f) It’s too late for me to start building a nest egg (No it isn’t, and retirement could last a third of your life) ~ It’s true, you can start saving at any age, the earlier the better, but any time is a good time as long as it is sooner to your present than later.
g) Personal finance is all about investing (It is so much more encompassing: debt management, insurance, retirement planning and more) ~ The biggest point in personal finance, is budgeting based on what you are regularly earning at the time. Then learning to stick to that budget. Failure to get this step down will make any other financial management task more difficult.
h) I can do it alone (Maybe, but start by asking for help) ~ If you understand how to set money aside and not touch it, if you know about TFSA’s or RRSP’s already, sure, go it alone, but be almost religious about the plan you put into action. Asking for help often involves paying an advisor for their time or using their ongoing services from which they get paid a commission. If you can’t afford to pay someone for help, start small and work from there.
Eliminate the spending habit: Live below your means and ditch your bad debts ~ Hear, hear!!! This is the second worst problem I am seeing among those who claim to be struggling in their finances. They still visit the corner store regularly. They still buy cookies and candy bars regularly and sugary or other unhealthy food choices when grocery shopping. They still think they can engage in bad habits that cost them anywhere from $200/mo to $500 or more and they wonder where their money is going! Newsflash! You don’t need that jacket on sale when you have two others at home already. You don’t need sugary drinks or foods when because you are struggling, you need healthier food options instead. You don’t need to waste gas with extra-curricular activities when you can’t afford the gas to begin with. Start walking more. Cancel the Cable TV subscription and watch all your shows online. If this step isn’t mastered, the previous ones will all be derailed by some justification to spend!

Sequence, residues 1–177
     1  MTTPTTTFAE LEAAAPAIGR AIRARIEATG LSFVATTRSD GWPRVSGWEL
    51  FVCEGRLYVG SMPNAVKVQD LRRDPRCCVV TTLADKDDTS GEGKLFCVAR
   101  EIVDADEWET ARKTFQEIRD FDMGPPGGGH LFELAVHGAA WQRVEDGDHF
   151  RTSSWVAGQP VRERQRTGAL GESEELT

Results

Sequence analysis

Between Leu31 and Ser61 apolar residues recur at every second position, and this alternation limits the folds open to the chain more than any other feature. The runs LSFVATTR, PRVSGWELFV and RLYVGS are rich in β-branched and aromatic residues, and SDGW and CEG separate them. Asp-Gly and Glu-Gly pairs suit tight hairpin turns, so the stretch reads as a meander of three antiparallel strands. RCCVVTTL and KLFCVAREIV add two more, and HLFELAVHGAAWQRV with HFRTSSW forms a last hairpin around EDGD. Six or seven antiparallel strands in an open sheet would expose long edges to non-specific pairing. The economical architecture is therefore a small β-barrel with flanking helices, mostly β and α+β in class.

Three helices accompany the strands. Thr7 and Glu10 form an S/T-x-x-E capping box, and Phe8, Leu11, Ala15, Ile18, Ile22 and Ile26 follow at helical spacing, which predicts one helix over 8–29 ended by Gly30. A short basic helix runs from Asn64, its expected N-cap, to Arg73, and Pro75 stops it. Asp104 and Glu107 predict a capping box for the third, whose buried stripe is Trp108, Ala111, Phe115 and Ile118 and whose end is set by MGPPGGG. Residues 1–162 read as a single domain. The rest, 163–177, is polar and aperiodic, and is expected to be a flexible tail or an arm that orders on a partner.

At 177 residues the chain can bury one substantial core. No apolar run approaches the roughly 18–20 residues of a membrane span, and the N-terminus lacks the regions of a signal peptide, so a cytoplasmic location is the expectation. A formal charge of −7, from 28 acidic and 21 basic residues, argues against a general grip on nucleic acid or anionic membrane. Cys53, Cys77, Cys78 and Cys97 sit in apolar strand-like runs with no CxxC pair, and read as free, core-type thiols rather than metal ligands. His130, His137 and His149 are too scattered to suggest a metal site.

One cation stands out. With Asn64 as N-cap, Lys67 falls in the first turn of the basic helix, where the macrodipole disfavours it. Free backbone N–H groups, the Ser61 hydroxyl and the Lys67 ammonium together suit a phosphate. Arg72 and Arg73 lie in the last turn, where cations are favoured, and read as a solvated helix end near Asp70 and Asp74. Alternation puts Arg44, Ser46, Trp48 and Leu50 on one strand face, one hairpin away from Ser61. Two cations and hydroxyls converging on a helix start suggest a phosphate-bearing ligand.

Create a savings habit: Pay yourself first ~ See the previous comments about saving and spending.
Embrace the investing and compound habit: Learn more to earn more and compound your earnings ~ This may be where you want to ask for help, but in a standard savings account, if you leave your money there, the interest accrued will compound based on what stays in the account, previous interest and all. This can work in your favour.
Choose a destination: Get real and set goals ~ Revisit this entire list, master the other points and when you get to this one, write down those goals. In a quick-fix, instant-access society, long-term gratification seems like punishment. But if you can get over the need to spend and start actively saving toward your goals, you will discover the pride and personal joy in having achieved those goals on your own! Start with small goals that you can reach if you are disciplined in a month. Say perhaps you can get $25 put aside into savings. Reward yourself with a hot bath that night. Say perhaps you went for three months putting that money aside? Take $5 and go buy a booster juice smoothie (remember the poor spending point above). Say perhaps you managed to maintain your new saving regimen for an entire year, take $20 and go have pizza! These examples are merely for savings goals, but you might have other goals, like paying for a college course, replacing a dieing vehicle, maybe even owning your own home and saving up for a down-payment. Once you realize you can meet your smaller goals, these larger ones will become easier to achieve and you’ll have the necessary patience to see them through.
On my author blog a few years ago, I shared a few articles on managing home finances where I didn’t merely discuss savings or budgeting, but when to tell a deal from a ruse. Those three articles are as follows:
- Household Finances: Intro to the Basics
- Household Finances: Part 2 and
- Household Finances: Part 3 – When is a Deal a Deal?
I shared two examples in Part 3 that had been major learning tools in my children’s lives as they were learning how to manage their own finances as teenagers.
A few years later, I ran across a blatant example this very Black Friday weekend! Not everything touted as a sale, actually truly is a sale! Sometimes stores will merely place things in a sale flyer to get your attention, rather than have any real correlation to the sale featured by that flyer. Other times, sales may offer some reduction in price, but only because prices had risen a month or two prior. Then there is the issue of research! In today’s example, it must be understood that many Canadians actually go south of the border to go shopping on Black Friday weekend. To prevent this loss of customers, Canadian stores have begun offering their own Black Friday deals, door crashers, etc.
Staples is one such store to try keeping Canadian shoppers in Canada! Unfortunately, Staples did not check all potential competing sources for prices before putting their flyer together, because I made the following discovery:
Their photo products mousepad, ornament, blanket, and puzzle at supposedly “sale” prices, are equal to or just a dollar or two less than the same items in my Cafepress store! Check out these images: